Animals Suffer as Much as Humans During Wars. Here's Why.
I had never heard of an animal's suicide before the suicidal baby giraffe in the Egyptian press last week. Veterinarians claim that a 3-year-old giraffe choked itself to death on the metal shade structure of the zoo where it was subjected to aggression from visitors, and where animals reportedly suffer from untreated diseases and severe starvation. Despite the report, many question whether animals are capable of committing suicide, or if they are perishing in ways that resemble it. Whatever the answer, the question leads one to reflect on the nature of human suffering and whether animals experience stress and pain as humans do.
Emir Kusturica's film Underground depicts the history of Yugoslavia from World War II through the Yugoslav Wars of the '90s. It addresses this this very question. As the Germans pummeled Belgrade with bombs, the zoo was destroyed, thus killing a mother monkey, who left her baby alone in despair.
During times of conflict, the suffering of animals is often overlooked as the world focuses on human casualties. But animal rights are often overlooked during times of peace as well. Upon visiting the disputed territory Abkhazia last month, home of what has been dubbed a frozen conflict, I saw a monkey "sanctuary" that dates back to Soviet times. Hundreds of monkeys waste away in the sanctuary's cages. But when I looked into the nervous eyes of these desperate creatures, I was struck by their humanity. I couldn't help but wonder how dignified and rational my fellow humans and I would appear were we to live in similar surroundings.
During times of war, animals are either neglected or used as commodities to facilitate the war effort. Historically, horses, dogs, donkeys, cats, and pigeons have been used to carry soldiers, sniff out bombs, and bring messages across the warzone. Around 8 million horses and donkeys died in World War I. In a rare show of appreciation, the United Kingdom created the Dickin Medal to award those animals that served in World War II.
Perhaps the most interesting recipient of this award was Simon the cat, who killed the entire rat population of a British naval ship after surviving a canon blast that killed many of the ship's human inhabitants.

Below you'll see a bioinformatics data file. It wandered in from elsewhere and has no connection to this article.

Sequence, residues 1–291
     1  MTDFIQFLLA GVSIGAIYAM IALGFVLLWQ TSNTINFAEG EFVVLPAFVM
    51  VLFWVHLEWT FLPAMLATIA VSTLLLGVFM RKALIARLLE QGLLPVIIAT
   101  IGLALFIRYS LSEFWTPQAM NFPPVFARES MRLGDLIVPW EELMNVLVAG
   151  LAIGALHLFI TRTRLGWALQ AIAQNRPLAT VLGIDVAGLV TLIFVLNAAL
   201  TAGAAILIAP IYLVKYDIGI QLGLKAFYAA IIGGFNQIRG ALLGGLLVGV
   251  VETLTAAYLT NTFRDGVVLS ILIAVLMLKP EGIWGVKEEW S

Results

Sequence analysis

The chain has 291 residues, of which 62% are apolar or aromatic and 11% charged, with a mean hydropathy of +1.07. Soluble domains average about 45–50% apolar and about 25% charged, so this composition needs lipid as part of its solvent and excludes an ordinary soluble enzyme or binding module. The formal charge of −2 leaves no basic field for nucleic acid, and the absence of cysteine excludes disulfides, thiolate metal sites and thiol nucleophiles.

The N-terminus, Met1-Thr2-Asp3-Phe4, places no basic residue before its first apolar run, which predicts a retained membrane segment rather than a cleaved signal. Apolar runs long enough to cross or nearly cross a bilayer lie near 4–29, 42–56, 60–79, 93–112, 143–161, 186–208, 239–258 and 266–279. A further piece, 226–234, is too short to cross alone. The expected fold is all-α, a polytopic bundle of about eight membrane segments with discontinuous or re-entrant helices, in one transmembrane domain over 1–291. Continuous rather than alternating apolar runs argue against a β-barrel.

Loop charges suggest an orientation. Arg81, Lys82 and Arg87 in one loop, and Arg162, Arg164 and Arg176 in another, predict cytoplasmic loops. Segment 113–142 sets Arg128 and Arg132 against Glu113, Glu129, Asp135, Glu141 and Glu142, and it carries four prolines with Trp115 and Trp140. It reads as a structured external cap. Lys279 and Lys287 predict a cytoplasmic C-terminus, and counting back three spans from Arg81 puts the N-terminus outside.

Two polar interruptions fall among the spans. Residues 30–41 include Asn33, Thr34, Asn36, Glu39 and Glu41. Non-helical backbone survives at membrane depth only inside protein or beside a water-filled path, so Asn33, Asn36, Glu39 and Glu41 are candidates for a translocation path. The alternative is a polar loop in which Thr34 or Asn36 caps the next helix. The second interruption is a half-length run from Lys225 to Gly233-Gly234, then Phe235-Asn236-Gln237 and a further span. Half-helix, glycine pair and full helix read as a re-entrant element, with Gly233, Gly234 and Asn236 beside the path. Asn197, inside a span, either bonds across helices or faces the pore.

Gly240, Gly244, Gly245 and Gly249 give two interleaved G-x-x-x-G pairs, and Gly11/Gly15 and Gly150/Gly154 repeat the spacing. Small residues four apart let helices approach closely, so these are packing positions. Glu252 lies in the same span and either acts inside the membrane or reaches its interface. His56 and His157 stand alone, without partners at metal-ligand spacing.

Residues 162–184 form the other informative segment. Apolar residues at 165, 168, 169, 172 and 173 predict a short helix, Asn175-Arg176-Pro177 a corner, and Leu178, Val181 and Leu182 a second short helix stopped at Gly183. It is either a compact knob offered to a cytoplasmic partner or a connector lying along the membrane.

Despite technological advances, animal participation is still common in modern day warfare. And more recently, in the Iraq war, bottlenose dolphins were used to find underwater mines, and often got slaughtered by enemy forces in the process.
Humans often assume that because animals cannot explicitly reason with us in our own language, they are lesser beings. This is how we convince ourselves that it is permissible to rob them of their milk after pregnancy, utilize them for our entertainment, torture them in the name of science, or raise them for slaughter in deplorable conditions.
But every now and then, a story surfaces that demonstrates how non-homosapiens react to strife. Consider the heartbreaking story of a mother cow who, remembering the pain of having her calves taken from her after previous pregnancies, successfully hid that she had given birth to twins in order to provide just one of her offspring with milk. Stories like this give credence to the idea that animals are conscious of their own existence, are able to demonstrate preferences for phenomenon that make them happy, exercise foresight, and strive for a better quality of life.
More importantly, they demonstrate that animals can feel emotional bonds comparable to the way humans experience love. I doubt that any proud dog "owner" would dispute this.
These stories also imply that like humans, animals are conscious subjects that deserve equal rights. Humans have resorted to enshrining their rights in the law with the expectation that people will respect them. But how can animals protect their rights? Is it the responsibility of human activists to protect these beings from the pain inflicted on them by members of our own species?
Some Christian philosophers, such as Saint Augustine, have claimed animals are unable to think and were put on the earth to serve humans. These beliefs have seeped into our modern day consciousness and account for why we are less empathetic towards animals than we are towards humans.
We should protect both human and animal rights during times of peace and conflict.